- Result: Emydura victoriae is a junior subjective synonym of Emydura macquarii and hence invalid name. (sensu Iverson et al, 2001)
- This issue was recently repaired by Kehlmaier et al. (2019) after some 25 years of confusion as it took considerable effort to obtain the necessary data to overturn the decision.
Mix Taxonomy and Nomenclature[edit | edit source]
- Example: The Case against Wells and Wellington 1985 to the ICZN explicitly cited the taxonomic confusion that their work created.
- Result: The ICZN refused to rule citing the situation was taxonomic and not nomenclatural, hence was outside their capacity to act.
Taxonomic and Nomenclatural Changes[edit | edit source]
- "…a taxonomic change,…should be refuted rather than ignored…" Pritchard (1996:37) is one of the major tenants in nomenclatural taxonomy. It basically means when a name is proposed, or changed, you must refute the research that produced the name or change, or you must accept it. This concept is relevant to both taxonomy and nomenclature, though is applied differently to each.
- If this is about Taxonomy, the refutation must be based in science. Eg genus combination changes, rank changes, validity.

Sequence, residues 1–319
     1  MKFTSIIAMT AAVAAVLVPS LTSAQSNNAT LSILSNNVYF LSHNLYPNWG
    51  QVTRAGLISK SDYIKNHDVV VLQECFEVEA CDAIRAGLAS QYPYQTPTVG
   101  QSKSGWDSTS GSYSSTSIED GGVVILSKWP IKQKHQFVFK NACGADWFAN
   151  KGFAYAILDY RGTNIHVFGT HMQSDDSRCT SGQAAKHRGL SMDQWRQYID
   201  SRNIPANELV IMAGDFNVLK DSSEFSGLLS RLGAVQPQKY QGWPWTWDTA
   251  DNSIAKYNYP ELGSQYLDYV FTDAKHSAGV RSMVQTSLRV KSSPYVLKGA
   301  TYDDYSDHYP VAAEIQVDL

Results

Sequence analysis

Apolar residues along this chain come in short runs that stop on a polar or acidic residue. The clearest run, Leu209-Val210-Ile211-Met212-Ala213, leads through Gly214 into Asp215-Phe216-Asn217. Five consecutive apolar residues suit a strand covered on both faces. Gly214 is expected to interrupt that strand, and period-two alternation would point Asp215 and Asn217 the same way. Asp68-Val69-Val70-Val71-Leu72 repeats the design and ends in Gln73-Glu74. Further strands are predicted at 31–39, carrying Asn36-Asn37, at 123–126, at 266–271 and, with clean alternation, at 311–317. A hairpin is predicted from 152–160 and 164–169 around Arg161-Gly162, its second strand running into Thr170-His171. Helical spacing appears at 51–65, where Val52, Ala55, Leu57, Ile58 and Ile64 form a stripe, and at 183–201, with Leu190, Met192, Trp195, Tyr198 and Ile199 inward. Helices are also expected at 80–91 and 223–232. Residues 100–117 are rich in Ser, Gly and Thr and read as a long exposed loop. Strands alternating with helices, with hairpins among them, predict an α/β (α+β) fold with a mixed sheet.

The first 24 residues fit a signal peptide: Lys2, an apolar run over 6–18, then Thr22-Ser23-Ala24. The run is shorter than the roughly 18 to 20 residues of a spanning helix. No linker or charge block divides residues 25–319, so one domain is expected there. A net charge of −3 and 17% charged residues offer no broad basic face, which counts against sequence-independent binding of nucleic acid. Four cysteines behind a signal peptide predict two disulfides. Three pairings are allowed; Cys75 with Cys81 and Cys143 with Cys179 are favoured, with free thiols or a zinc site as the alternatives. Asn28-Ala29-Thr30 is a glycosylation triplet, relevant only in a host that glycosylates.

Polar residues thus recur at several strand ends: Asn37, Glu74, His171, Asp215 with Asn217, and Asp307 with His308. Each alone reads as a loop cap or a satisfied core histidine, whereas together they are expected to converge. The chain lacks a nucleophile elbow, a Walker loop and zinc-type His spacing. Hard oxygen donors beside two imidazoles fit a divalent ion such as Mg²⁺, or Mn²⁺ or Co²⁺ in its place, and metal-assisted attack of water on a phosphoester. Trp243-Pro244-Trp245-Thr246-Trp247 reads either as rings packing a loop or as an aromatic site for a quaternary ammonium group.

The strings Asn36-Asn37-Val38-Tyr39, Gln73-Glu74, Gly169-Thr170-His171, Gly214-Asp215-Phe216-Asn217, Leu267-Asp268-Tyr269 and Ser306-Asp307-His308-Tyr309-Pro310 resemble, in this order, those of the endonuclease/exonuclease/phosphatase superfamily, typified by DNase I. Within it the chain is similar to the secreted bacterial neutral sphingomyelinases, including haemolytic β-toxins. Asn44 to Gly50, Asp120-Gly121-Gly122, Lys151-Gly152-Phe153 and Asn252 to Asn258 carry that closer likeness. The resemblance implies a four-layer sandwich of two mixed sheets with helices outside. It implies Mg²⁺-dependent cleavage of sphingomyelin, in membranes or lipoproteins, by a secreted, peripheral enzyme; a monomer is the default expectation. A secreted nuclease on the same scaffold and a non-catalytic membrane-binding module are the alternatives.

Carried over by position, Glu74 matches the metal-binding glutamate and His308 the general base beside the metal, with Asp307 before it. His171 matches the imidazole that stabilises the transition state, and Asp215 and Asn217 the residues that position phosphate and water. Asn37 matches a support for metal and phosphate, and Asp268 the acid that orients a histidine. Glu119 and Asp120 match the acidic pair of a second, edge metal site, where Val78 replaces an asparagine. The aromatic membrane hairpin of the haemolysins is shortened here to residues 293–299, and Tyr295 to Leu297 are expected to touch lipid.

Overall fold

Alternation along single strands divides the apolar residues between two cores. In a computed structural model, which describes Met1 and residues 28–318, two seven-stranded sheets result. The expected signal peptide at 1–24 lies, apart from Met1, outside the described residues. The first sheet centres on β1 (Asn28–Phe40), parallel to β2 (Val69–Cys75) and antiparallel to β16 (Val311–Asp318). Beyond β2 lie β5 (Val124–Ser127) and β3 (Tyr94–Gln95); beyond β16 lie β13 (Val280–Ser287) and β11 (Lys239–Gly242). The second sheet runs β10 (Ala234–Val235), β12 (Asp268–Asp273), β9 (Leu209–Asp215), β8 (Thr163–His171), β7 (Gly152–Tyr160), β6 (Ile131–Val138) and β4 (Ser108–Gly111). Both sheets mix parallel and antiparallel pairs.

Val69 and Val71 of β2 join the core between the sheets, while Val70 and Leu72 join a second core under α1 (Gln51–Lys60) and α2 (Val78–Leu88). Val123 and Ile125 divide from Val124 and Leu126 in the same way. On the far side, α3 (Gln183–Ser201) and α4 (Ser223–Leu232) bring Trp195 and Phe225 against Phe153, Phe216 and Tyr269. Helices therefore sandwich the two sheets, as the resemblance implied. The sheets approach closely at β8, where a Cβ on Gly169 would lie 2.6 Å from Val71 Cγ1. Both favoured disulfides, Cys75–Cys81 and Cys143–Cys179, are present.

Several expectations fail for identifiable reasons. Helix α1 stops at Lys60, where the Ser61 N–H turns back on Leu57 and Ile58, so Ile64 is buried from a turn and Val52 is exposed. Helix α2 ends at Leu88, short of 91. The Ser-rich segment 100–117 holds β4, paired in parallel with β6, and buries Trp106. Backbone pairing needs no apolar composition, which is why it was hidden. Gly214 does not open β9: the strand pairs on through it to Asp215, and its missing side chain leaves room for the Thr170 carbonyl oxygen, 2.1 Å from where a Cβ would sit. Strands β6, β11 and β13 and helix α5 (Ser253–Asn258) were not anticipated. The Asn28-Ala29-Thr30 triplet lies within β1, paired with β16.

- If this is about Nomenclature, the refutation must be code compliant. Eg. Synonymies, availability.
Now for some Taxonomy[edit | edit source]
Up to this point I have been largely discussing nomenclature, it is often misunderstood. Now we can discuss some taxonomy, issues in taxonomy, best practices etc. As I showed above this is what is on the other side of the type specimen from nomenclature. This area is science, it is about hypothesis testing, about relationships between populations and whether or not we name these populations. Are they species. Also about whether we can group some of these populations together into evidence based natural groups, called genera. This science must follow the current best practices of science which generally means the results are published in peer reviewed journal papers. In general it will have the following features: